But, as powerful and entertaining as it was, it made me sad to watch it. I found myself wishing I had been in love -- to go back to Elf, the "I'm in love and I don't caaaaaaare who knows!" twirling around in my elf suit love -- even just once -- so I could apply the film's philosophies more closely to my life. And then, not having been in love (but rather having had "a shitty romantic life" as my mom called it yesterday, always one to call a spade a spade, thanks Mom), I became very sad about being unlucky in love.

Oh, don't get me wrong. I just mean that it made me want to go back to Vegas...


Strikes are apparently the word of the day. I read that some tollworkers out somewhere (New Jersey?) are on strike, so tolls are free. The spirit of rebellion has touched home, however, as my mom is on a culinary strike. This wouldn't normally affect me, as I live on my own. But tomorrow, as some of you may know, is THANKSGIVING. The day upon which I give thanks for her secret stuffing recipe, her mashed potatoes with a touch of milk, and her marshmallows-and-yams combo.

This year I will be giving thanks to some pizza joint. She has decided that, since Susie isn't coming home, she isn't going to cook. On one hand, I can't fault her. She doesn't want to cook for 2.5 people. When I asked her who the half was, she said Cyrus. Which is probably inaccurate attribution, given that my *dad* is the one who eats like an engineering exchange student - ramen noodles, microwaved hot dogs, can of tuna, oh my! Any way she counted it, 2.5 people wasn't worth the effort. And I'm incapable of turkey-basting at this early stage of my budding cooking career, so that's the final word.

So the bottom line is that mom isn't making us turkey this year because of Susie's absence. Let me take a moment to note for posterity that SUSIE IS A VEGETARIAN. So that's some buuuullshit right there.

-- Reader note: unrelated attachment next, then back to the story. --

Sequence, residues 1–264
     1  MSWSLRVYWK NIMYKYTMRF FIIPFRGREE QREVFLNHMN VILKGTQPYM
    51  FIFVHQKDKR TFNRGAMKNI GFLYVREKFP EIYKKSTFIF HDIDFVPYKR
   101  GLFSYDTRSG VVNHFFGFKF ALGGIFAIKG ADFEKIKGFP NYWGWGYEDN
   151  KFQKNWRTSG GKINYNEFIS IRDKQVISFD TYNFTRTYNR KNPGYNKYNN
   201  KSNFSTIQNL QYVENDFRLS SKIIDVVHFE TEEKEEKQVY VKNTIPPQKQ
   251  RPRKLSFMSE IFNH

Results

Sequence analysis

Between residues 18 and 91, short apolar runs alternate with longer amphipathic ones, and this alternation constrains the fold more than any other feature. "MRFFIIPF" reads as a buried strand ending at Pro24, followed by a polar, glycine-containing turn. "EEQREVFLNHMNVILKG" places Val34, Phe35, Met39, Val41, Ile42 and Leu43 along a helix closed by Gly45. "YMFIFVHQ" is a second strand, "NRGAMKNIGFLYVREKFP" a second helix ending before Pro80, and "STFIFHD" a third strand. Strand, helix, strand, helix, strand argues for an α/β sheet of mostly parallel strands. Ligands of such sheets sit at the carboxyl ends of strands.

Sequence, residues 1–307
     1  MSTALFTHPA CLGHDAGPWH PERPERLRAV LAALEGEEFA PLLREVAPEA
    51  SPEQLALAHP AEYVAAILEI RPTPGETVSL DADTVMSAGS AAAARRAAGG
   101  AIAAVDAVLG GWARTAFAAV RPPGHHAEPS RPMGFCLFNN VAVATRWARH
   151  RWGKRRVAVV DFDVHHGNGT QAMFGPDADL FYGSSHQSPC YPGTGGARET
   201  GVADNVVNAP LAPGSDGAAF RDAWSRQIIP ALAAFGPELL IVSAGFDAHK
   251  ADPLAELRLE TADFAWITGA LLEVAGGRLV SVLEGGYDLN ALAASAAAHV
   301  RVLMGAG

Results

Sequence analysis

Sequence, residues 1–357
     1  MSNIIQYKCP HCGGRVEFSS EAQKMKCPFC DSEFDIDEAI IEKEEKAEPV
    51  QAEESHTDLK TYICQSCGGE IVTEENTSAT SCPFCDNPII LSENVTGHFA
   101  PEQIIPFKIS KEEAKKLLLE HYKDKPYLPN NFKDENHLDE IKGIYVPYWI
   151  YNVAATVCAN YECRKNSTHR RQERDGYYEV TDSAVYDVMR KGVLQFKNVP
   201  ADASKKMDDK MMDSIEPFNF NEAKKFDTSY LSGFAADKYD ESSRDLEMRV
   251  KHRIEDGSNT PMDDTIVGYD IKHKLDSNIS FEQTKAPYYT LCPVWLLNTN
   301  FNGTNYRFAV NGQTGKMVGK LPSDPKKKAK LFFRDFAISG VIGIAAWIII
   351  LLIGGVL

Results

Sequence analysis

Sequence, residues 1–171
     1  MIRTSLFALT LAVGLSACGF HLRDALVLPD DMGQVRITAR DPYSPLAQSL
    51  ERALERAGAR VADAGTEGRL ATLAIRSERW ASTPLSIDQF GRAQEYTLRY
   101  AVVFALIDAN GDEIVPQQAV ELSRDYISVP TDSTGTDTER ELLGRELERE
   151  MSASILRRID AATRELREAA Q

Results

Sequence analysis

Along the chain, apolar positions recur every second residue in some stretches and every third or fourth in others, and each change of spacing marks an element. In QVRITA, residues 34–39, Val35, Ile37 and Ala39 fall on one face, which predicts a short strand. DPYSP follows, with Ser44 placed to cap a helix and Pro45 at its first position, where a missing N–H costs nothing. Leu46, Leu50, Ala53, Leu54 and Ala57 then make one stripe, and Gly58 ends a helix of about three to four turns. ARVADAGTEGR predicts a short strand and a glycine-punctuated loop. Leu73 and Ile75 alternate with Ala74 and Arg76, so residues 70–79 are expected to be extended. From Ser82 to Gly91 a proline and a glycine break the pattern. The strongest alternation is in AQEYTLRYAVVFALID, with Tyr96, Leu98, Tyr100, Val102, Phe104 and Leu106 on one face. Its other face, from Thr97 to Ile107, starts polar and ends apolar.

I keep reminding myself that Thanksgiving is a shitty holiday that was once characterized by betrayal and the passage of diseases, so it makes me want to celebrate that much less. But for real, NO MASHED POTATOES? sigh.

I Didn't Know How Lost I Was Until I Found...

The mic in my hand. Let me recap that for you. The last thing I clearly remember, I was doing sake bombs at Sushi Deli Two. Fast forward, and I'm onstage at Lamplighter, a bar in Hillcrest with a men's bathroom. Only. I'm up there, standing next to Des, our honorable Retired Sorority President, and we're belting out "Like A Virgin" to a wall-to-wall packed audience. Not singing, BELTING. Like you do in the shower, or in your car when you're on a late-night road trip and are too scared you'll fall asleep. I think I saw some people cringe. I must have gotten lost in my thoughts about this (during the "aw, can't you hear my heartbeat... for the very first time" stanza) -- because next thing I knew, Des was screaming at me -- into her mic [ because if anyone, sorority presidents know how to use those things] to "Sing, Lilly, SING!". I did. Like it was my job. Problem being that I have a totally hoarse voice today (and that's putting it nicely) so I was the real deal -- "Like a (Prepubescent) Virgin (Boy)". Think Peter Brady.

There's something liberating about singing in front of a crowd. It was definitely a test of my starpower, and I'm glad to say that the place was still full when we stepped off. No one threw anything, anyways. Well, nothing that hit the stage. Not that in my numb state I would have felt it. I suppose it's a cost-benefit analysis you do in these situations. Listen to girly girls belt out songs, bopping and looking at each other doing the white girl dance (although neither is white)? Or leave and risk never getting to sing *your* song? We're attention whores, the lot of us karaoke bar goers, aren't we?

We were hoping for Jon to show up so we could set him up by signing him up for "She Bangs", but alas, he was a no-show. That's always how it goes.